Though Somalia is a nation steeped in a long tradition of Islam, Muslim militants have recently been fighting to impose a more extreme form of Islam onto the nation. In 2006, a Muslim group gained control of the southern part of the country and imposed Sharia law. The South then became a haven for Muslim extremists, including those with links to al-Qaeda.
In 2009, the Somali government launched a counter-offensive to take control of the southern half of the country. Although regaining some of the South, they were not successful in routing all the Islamic militants.
In the hope of solidifying the divided nation and siphoning off popular support for the jihadists, the Parliament of the Transitional Government announced in April 2009 that it would implement Sharia law as the nation’s official judicial code. Although it remains a mild version of Islamic law compared to what the militants would like, it does mandate the death penalty for those who leave Islam.
Meanwhile, militants continue to struggle for a more radical version of Sharia. The militias of al-Shabaab, and their rivals in the Hizbul party, control most of southern Somalia and are continuing to fight President Sheikh Ahmad and his government for control of the entire nation.
al Shabaab is said to have links with al Qaeda and has vowed to rid Somalia of Christianity, according to a report issue by Compass Direct. They have recently gone so far as to ban bells ringing to signal the end of school classes, “because they sound like church bells.”
It is extremely difficult to survive as a Christian in the war-torn nation of Somalia. Among the eight million inhabitants, it is thought that there are no more than 1,000 practicing Christians. Most of these live in the south, where persecution is the strongest.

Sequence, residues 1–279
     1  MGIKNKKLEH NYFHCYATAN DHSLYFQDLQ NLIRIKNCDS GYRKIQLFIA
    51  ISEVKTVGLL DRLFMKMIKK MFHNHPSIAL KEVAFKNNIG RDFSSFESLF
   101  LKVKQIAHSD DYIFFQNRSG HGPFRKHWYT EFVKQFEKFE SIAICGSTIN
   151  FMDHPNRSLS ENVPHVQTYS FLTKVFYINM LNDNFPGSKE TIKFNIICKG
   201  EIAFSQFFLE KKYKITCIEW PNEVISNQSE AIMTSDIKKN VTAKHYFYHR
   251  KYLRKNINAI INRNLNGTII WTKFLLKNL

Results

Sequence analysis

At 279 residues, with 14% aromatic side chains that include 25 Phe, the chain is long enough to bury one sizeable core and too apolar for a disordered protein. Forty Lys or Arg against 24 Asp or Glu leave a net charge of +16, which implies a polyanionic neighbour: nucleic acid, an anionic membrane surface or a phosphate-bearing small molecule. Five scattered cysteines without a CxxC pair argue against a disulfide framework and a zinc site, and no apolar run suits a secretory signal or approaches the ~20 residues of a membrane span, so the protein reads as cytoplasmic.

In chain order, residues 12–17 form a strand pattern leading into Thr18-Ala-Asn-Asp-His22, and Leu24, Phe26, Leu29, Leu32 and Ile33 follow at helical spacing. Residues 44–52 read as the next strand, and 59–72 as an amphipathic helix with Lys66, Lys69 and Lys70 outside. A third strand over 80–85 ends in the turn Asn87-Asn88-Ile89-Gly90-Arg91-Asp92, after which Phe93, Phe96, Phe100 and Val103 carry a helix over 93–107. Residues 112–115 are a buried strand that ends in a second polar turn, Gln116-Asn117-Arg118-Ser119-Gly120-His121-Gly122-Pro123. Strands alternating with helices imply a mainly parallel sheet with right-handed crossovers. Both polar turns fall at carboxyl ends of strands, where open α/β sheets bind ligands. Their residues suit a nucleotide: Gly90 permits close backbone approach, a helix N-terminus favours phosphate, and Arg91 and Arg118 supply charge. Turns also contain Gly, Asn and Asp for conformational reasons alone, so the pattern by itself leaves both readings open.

Despite their attempts to remain under cover, many Christians have recently been discovered by Islamic militants, who have been searching out Christians. In May 2009, Islamic militants, members of al Shabaab, discovered and shot 57-year-old Yusuf Ali Nur, one of the leaders of Somalia’s underground church, leaving behind his wife and three children. The killing of Yusuf was just one in a series of murders in which those suspected of being Christians are apprehended and either shot at close range or beheaded.
It is not just church leaders who are killed for their faith. Last year Islamic militants sought out and killed women and children who were known to be Christian. In 2008 at least ten Christians, including four teachers, were killed while several others were kidnapped and raped.
Refugees in Kenya
A growing number of Somali Christians have taken refuge in the neighboring nation of Kenya, where there exists a sizable Somali community in Nairobi. This community of Christian refugees is growing. In the late 1990s, there were barely 20 Somali Christians in Nairobi, but now their number has grown to nearly 200, as reported by the BBC in September 2008. During that time one of the refugees, going by the name of Michael, told the BBC about his situation.
“There was a group of people who wanted to kill me, so I was one of the first refugees to leave Mogadishu because I knew I would be a target as soon as the government collapsed. The fundamentalists could easily attack me and kill me.” Unfortunately, not all of Michael’s fellow converts were so fortunate. He explains: “They killed some of my friends. There was a small fellowship that used to meet in my house, about 12 of them – six of them were killed.”
Even in Nairobi many Christian Somalis face persecution from their families and fellow Somalis, also living in Kenya, who are angry about their decision to abandon Islam. Some Christian refugees must endure beatings while some have even had their wives and children taken from them. (Open Doors)